Hewlett-Packard Co. (HPQ) shares rose more than 4 percent Wednesday as investors reacted to its report a day earlier that earnings rose 26.5 percent in the fourth quarter, led by record revenue growth across all of the computer giant's business units, particularly in its consumer electronics division.

Shares of the Palo Alto, Calif.-based HP were up 89 cents, or 4.5 percent, to $20.57 Wednesday on the New York Stock Exchange (search) . Its shares are trading midway betrween their 52-wek range of $16.08 to $26.28.

HP said after the markets closed Tuesday that it earned $1.091 billion, or 37 cents per share, in the quarter ended Oct. 31 compared with $862 million, or 28 cents per share, in the same period last year. Wall Street analysts had been expecting the company to earn 37 cents a share, according to Thomson First Call. Revenue came to $21.39 billion, up 8 percent from $19.85 billion in the fourth quarter of 2003.

Excluding special items, HP earned $1.2 billion, or 41 cents per share. That compared with $1.1 billion, or 36 cents per share, in the same period of 2003.

The company said the non-GAAP figures include an adjustment of $136 million, or 5 cents per share.

"After a challenging third quarter I am pleased with the steady improvement we made in (the quarter) and the way we ended the fiscal year," Carly Fiorina (search), HP's chairman and chief executive, said during a conference call with Wall Street analysts.

"We were solidly profitable in all of our businesses except software, which delivered a significant year over year profit improvement and approached break even," she said.

The company also benefitted from the dollar being down against the euro, said Carl Claunch, vice president of research firm Gartner Inc.

"It sounds like a great recovery," Claunch said. "But if you do the math and get under the numbers, you see (revenue is) 4 percent."

The company's software, storage server and services division reported a combined $8 billion in revenue, up 10 percent from the previous year period.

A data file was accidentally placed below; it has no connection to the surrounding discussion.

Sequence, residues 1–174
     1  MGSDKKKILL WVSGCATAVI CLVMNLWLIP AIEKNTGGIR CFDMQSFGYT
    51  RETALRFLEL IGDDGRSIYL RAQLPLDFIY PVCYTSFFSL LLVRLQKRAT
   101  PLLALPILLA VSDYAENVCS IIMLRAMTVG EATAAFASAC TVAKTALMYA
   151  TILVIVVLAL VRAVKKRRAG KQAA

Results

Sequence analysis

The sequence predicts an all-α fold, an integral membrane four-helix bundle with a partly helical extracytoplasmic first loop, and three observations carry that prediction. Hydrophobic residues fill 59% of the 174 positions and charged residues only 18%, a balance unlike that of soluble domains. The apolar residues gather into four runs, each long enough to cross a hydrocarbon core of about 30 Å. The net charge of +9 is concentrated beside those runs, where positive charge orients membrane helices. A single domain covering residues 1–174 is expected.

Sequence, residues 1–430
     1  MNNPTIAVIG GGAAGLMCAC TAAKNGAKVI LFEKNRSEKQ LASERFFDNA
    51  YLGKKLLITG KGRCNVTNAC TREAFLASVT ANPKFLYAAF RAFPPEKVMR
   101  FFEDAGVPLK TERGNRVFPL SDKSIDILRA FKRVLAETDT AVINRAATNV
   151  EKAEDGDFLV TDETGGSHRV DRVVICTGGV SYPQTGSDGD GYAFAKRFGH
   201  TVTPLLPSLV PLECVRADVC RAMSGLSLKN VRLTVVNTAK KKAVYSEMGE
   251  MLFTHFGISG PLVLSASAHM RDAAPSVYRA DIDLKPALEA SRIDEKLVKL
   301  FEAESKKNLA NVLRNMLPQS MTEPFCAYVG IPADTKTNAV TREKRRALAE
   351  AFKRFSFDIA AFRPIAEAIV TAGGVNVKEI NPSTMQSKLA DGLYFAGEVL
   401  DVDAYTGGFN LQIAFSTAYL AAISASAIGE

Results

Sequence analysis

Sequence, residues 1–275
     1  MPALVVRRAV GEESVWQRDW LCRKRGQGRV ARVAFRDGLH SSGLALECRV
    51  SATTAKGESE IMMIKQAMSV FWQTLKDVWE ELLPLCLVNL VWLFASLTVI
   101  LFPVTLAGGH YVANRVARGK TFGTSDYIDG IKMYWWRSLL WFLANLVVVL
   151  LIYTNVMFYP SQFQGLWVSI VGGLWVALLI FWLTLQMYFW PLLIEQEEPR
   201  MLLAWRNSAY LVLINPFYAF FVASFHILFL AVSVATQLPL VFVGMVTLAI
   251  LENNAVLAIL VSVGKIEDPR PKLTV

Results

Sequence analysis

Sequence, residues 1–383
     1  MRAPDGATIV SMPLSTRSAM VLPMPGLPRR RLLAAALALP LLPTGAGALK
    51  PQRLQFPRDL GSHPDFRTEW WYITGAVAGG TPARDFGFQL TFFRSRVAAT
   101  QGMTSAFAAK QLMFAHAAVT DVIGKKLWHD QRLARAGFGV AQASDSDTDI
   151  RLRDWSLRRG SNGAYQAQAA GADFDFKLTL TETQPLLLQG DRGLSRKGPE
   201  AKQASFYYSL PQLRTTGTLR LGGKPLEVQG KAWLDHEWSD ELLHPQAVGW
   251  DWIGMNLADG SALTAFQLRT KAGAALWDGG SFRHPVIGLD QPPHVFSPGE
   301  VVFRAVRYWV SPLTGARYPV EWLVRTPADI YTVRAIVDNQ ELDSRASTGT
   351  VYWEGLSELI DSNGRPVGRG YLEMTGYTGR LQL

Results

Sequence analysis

HP's personal computer business generated $6.5 billion in revenue, a 9 percent increase, with commercial sales growing 12 percent while consumer sales rose 4 percent, the company said.

The company's imaging and printer unit saw record quarterly revenue of $6.5 billion, up 5 percent over the same period last year. HP shipped 14 million printers during the quarter, a record, the company said.

Business hardware revenue grew 6 percent over the same quarter a year ago on strong sales of color laser, multi-function printers and digital press.

Home hardware revenue declined 2 percent amid fewer sales of single-function printers and lower prices, the company said.

Fiorina said the company expected consumer purchasing during the holidays would be "not bad, but not spectacular."

That outlook is the reverse of the 2003 holiday season, where business spending was down compared to individual shoppers.

"We saw a stronger consumer market and a weaker enterprise market," Fiorina said. "At this juncture what we're seeing is an improving enterprise market and a so-so consumer market."

The company spent $859 million on research and development in the quarter, down from the $907 million it spent in the same quarter of 2003.

Despite stated efforts to reduce its work force, HP added 4,000 employees in the fourth quarter, for a total of 150,000 worldwide, Fiorina said.

HP estimated that revenue in the first half of fiscal 2005 would be between $41.8 billion and $42.3 billion, with non-GAAP earnings per share between 72 cents and 74 cents.

For the year, HP's net revenue was $79.9 billion, up $6.8 billion.